This article is sponsored by The Nuance Dragon Ambient eXperience (DAX).
The COVID-19 pandemic has triggered seismic shifts in health care delivery. Never before has the health care system mobilized to handle a massive surge in one type of illness while bringing so many other services to an abrupt standstill. Elective surgeries and procedures were canceled or delayed. Regular and non-urgent care was shifted to telehealth whenever possible to focus resources on pandemic response and minimize unnecessary clinician and patient exposure. More broadly, the changes created a new reality that highlighted our collective need to improve physician wellness and patient-provider relationships, displace uncertainty and anxiety with trust, and make the technical, regulatory, financial, and practical changes necessary for better health care experiences.
All of those factors came together in the dramatic expansion of telehealth services. Technology made it possible and practical to deliver patient care remotely while ensuring safety. Regulations changed and placed reimbursements for virtual visits on par with in-person exams. Telehealth platform companies became infused with investment, federal funds authorized in the CARES Act spurred adoption, and health systems moved forward with lightning speed implementations.
For all of the impressive gains achieved under extraordinary circumstances, system inefficiencies still abound, including in telehealth itself. Providers and patients have embraced telehealth, and its place in health care delivery is likely permanent. But documentation and workflow challenges that existed long before the pandemic remain.
The rise of telehealth: Health care delivery model shifts quickly
Telehealth visits in the U.S. have skyrocketed. Providers have reported 50x to 175x increases in the number of telehealth visits compared with pre-COVID-19 levels, and 57 percent of providers now view telehealth more favorably than they did before the pandemic. But the safety risks, financial pressures, and considerable reductions in patient volumes during the pandemic, plus the loss of 1.4 million health care jobs in April alone, only added to the severity of physician burnout and the urgency to reduce physicians’ administrative workloads.
If physicians document during the encounter, their attention is necessarily divided between the computer and the patient. If they leave documentation until later, they are likely to forget some details of the encounter when completing the required documentation outside of clinical hours. With remote and at-home work now predominant, “pajama time” is becoming the norm for completing documentation and administrative tasks.
Telehealth also is rife with workflow inefficiencies: providers are performing tasks that nurses typically do during in-person visits; patients show up late because they can’t find the link or have difficulty logging in, and scheduling must be done manually in two separate systems – the EHR and the telehealth or conferencing platform.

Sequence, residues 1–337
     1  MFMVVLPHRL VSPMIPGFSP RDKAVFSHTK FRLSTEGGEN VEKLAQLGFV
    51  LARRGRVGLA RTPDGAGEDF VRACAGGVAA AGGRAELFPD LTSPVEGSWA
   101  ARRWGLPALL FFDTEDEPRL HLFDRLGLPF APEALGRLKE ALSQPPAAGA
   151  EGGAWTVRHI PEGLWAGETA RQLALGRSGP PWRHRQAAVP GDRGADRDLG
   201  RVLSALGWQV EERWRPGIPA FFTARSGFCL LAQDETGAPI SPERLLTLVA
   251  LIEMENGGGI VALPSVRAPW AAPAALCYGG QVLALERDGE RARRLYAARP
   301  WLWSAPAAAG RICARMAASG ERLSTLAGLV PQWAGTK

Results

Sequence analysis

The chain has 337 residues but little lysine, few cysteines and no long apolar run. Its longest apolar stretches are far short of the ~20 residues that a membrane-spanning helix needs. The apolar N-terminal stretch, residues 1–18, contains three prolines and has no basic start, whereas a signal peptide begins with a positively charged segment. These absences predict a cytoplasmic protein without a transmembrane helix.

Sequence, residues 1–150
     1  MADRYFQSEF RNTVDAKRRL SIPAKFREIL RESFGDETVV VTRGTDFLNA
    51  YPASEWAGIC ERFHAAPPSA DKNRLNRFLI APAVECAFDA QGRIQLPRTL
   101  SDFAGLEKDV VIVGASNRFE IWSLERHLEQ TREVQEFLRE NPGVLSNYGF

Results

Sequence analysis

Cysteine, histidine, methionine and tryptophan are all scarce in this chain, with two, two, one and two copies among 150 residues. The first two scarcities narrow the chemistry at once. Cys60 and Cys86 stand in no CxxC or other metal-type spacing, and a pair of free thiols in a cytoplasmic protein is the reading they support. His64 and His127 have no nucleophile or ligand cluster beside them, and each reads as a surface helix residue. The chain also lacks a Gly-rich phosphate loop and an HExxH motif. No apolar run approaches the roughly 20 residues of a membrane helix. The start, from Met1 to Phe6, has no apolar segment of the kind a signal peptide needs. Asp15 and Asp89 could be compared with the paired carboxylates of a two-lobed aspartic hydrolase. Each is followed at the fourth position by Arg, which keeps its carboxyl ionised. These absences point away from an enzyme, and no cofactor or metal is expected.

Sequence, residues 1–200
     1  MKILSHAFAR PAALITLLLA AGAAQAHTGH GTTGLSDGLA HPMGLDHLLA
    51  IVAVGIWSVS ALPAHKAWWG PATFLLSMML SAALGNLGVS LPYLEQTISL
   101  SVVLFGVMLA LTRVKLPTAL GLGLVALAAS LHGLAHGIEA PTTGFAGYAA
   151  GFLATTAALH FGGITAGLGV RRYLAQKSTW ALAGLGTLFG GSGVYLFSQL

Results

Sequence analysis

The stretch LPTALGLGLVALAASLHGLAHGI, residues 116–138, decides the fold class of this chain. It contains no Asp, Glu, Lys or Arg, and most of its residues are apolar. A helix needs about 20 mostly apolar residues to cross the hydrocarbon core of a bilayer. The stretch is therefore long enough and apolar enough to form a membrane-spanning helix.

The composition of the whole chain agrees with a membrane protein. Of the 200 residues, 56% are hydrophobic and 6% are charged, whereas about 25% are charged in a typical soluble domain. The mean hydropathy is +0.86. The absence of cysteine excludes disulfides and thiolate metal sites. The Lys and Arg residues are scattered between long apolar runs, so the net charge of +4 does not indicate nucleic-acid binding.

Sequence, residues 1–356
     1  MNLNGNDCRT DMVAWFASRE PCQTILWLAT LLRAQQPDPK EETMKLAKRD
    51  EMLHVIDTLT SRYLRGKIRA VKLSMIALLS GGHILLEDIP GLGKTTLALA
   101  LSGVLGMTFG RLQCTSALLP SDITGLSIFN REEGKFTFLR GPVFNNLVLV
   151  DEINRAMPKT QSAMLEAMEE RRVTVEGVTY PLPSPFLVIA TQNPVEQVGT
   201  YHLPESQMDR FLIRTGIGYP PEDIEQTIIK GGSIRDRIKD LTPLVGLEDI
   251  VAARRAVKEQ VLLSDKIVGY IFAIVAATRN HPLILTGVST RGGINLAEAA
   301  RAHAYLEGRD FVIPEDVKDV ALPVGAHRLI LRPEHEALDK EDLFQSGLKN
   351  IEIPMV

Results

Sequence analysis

There can be a lot of dis-integrated tech-toggling too. Providers use various disparate telehealth or teleconferencing, EHR, and documentation solutions, each with workflows, security requirements, training levels, and interoperability that vary by organization and provider. Physicians need a collection of devices to conduct telehealth visits. They have to log into the telehealth platform on one device and use another to input information into the EHR (often their laptop). Their telehealth “platform” device is usually their mobile phone or tablet.
However, telehealth’s at-scale adoption clearly shows that the combination of need, urgency, and a will to overcome challenges can drive the rapid adoption of practical and useful innovations not only for safety and care delivery but for addressing physician burnout now.
Overcoming provider burnout
How can health care administrators, IT executives, and clinicians make telehealth visits more efficient and satisfying for providers and patients alike, and address physician burnout? The answer can be found in advanced AI- and speech-driven ambient clinical intelligence (ACI) solutions deployed in health systems across the country. Adopting ACI systems to address physician burnout before the pandemic is now accelerating to meet the documentation and workflow needs of both virtual and exam room patient encounters. Even physicians skeptical by the failed promises of past technologies embrace ACI systems as the practical and effective solution they have wanted.
The Nuance Dragon Ambient eXperience (DAX) is leading ACI innovation and adoption. The Nuance DAX mobile application can be used for either in-person and telehealth visits with any EHR, video conferencing, or telehealth application. Nuance DAX reduces time spent documenting care and alleviates provider burnout by automatically capturing and contextualizing every word of the patient encounter in real-time at the point of care. It then generates high-quality clinical notes for physician review and addition to the EHR. It can capture details that might otherwise be missed, resulting in complete documentation, better patient care, and optimized physician reimbursements. The Nuance DAX solution frees clinicians to focus on their patients, give them back time in their day, and empowers them to practice at the top of their license.
Nuance DAX is also integrated with Microsoft Teams and available to physicians from within their Teams workflow for real-time documentation as well as scheduling and provider communication and coordination.
The Nuance DAX solution makes it possible to forget the tech-toggling and reduces documentation burdens no matter how or where care is being provided. It turns the rhetoric of alleviating burnout and improving provider satisfaction and patient experiences into a practical day-to-day reality.
Image credit: Nuance Communications